Iranians will cast their votes on May 19 to elect their 12th President that will have huge impact on their country's international ties and foreign policy.
President Hassan Rouhani and hardliner Ebrahim Raisi are the two main contenders that could determine the speed of economic and social reform.
The country's powerful 12-member Guardian Council of the Constitution, which has the authority to interpret the Islamic Republic's fundamental law.
Ebrahim Raeisi, custodian of Imam Reza (AS) holy shrine: He is a hardliner cleric and judge. He is allegedly involved in the 1988 mass execution of thousands of prisoners. He has the backing of Iran's supreme leader Ayatollah Ali Khomeini. He has pledged to support the poor with a monthly cash payment of $65.
Other candidates in the fray are: Vice-President Eshaq Jahangiri, Tehran Mayor Mohammad Baqer Qalibaf, former minister of culture and Islamic guidance Mostafa Mirsalim and former minister of physical education Mostafa Hashemi Taba, as well as President Hassan Rouhani .
The Trump administration has signaled that it would continue the Iran nuclear deal made under the Barack Obama administration for the meantime as the U.S. is still forming a new comprehensive Iran policy.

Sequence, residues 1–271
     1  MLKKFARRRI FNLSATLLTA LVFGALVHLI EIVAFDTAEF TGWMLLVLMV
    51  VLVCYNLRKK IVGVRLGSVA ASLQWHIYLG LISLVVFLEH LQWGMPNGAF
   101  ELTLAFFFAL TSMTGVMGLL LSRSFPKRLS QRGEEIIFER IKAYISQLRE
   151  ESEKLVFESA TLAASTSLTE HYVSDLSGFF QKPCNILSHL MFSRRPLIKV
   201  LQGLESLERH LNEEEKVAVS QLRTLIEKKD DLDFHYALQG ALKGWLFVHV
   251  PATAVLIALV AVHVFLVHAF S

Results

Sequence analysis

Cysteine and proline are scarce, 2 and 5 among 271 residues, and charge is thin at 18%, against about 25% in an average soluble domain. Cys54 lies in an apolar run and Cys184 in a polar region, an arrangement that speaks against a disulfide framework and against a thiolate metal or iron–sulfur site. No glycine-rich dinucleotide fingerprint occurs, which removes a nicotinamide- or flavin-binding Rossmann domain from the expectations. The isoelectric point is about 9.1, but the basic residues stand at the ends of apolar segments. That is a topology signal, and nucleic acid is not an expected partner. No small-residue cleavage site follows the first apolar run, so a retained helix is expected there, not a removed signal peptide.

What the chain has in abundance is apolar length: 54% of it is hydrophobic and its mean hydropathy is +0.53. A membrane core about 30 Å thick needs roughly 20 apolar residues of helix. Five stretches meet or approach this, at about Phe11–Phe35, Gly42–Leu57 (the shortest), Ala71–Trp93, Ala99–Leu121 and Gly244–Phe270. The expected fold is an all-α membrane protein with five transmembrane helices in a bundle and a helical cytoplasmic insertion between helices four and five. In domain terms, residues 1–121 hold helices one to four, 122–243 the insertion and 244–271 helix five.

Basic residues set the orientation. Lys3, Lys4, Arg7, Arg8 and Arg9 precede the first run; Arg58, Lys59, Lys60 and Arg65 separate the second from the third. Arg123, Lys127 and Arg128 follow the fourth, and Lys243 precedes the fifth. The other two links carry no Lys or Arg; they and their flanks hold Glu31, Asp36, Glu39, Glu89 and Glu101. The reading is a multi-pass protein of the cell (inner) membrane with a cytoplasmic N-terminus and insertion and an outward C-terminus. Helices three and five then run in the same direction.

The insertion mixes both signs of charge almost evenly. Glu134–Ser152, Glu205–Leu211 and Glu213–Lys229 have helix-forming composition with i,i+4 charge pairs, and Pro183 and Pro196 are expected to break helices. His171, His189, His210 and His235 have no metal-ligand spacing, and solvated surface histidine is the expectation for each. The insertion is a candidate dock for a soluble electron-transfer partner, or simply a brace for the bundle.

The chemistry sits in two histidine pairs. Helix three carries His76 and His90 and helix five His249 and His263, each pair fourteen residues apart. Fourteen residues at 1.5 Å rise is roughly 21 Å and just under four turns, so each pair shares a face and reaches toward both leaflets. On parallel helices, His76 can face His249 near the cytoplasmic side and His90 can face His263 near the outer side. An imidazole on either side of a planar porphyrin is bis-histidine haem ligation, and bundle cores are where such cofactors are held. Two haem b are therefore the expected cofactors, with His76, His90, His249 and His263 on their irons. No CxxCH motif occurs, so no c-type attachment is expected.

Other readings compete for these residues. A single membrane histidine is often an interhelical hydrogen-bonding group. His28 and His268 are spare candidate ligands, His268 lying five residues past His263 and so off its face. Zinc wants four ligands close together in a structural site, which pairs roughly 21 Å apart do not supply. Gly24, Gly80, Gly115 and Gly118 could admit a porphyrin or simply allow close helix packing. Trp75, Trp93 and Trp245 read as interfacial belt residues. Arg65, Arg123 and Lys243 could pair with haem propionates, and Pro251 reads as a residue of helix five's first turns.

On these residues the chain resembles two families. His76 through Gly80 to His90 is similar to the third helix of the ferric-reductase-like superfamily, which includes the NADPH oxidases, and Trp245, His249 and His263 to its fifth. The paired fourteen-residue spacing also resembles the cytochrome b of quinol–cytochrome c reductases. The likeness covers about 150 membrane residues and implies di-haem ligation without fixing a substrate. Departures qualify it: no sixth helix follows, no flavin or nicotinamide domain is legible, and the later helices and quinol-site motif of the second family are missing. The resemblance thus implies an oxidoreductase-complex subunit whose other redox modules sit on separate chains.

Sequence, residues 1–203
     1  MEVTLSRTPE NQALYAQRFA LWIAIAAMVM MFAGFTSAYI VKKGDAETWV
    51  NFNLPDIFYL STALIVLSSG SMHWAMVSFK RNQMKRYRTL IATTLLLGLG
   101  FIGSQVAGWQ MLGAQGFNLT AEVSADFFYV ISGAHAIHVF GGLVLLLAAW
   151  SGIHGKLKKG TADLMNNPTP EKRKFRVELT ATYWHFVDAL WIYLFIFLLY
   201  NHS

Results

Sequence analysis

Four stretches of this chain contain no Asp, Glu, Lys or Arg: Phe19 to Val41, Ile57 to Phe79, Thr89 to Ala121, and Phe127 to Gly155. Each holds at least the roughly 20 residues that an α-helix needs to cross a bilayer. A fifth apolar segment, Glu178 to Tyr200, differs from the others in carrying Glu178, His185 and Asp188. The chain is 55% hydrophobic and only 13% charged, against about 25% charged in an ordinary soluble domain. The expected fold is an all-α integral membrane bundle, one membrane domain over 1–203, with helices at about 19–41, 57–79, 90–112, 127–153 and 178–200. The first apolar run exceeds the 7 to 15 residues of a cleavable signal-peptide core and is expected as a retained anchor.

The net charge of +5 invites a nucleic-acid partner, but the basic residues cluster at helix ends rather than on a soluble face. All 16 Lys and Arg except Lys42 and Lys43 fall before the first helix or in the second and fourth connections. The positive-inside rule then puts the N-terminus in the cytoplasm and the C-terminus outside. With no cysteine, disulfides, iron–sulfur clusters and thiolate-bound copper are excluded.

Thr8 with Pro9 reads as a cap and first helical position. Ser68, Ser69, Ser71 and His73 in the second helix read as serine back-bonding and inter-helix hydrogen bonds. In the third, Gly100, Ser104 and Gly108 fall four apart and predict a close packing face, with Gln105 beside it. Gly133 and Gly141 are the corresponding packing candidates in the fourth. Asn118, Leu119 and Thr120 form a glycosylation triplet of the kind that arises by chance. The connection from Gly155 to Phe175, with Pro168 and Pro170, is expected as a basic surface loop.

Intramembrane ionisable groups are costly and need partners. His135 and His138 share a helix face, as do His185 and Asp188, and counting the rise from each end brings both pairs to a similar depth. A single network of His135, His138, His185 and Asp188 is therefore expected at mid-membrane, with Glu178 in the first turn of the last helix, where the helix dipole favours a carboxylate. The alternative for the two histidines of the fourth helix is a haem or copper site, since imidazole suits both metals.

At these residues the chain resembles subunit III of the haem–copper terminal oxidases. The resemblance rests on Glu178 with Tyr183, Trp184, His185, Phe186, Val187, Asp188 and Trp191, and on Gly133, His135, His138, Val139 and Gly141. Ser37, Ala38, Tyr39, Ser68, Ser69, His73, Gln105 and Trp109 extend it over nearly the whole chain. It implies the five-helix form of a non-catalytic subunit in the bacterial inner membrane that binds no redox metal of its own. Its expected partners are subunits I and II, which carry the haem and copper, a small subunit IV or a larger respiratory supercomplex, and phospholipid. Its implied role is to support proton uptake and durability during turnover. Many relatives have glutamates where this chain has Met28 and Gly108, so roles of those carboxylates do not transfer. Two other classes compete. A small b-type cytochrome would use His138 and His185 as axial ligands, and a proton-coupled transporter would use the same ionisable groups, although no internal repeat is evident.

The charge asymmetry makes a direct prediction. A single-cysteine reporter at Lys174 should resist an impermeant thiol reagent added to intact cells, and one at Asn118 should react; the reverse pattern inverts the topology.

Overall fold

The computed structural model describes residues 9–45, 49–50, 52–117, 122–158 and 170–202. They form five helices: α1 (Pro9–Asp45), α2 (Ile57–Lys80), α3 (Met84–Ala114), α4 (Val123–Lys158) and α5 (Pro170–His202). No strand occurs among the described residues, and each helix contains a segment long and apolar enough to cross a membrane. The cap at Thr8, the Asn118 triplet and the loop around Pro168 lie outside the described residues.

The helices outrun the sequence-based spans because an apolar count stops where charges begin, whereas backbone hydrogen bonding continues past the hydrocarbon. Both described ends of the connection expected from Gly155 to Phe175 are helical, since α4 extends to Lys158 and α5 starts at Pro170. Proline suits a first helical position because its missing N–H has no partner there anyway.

However, it will also impose some new sanctions against several Iranian individuals and four other organizations, including a China-based network that supplied missile-related items to a key Iranian defense entity, reports the Hill.
"The U.S. and its partners will continue to apply pressure on Iran to protect the human rights and fundamental freedoms for everyone in Iran," said Stuart Jones, the acting assistant secretary of state for near eastern affairs, who will be traveling with President Donald Trump to the Middle East at the end of the week.
After the 1979 Islamic Revolution which led to the fall of the Pahlavi regime, Iran has held one election each year on average, all of which have witnessed large turnout of the people.
Over 56 million Iranians are eligible to vote in Iran's 12th presidential elections, according to Ali Asghar Ahmadi, head of the Election Headquarters of the Interior Ministry.
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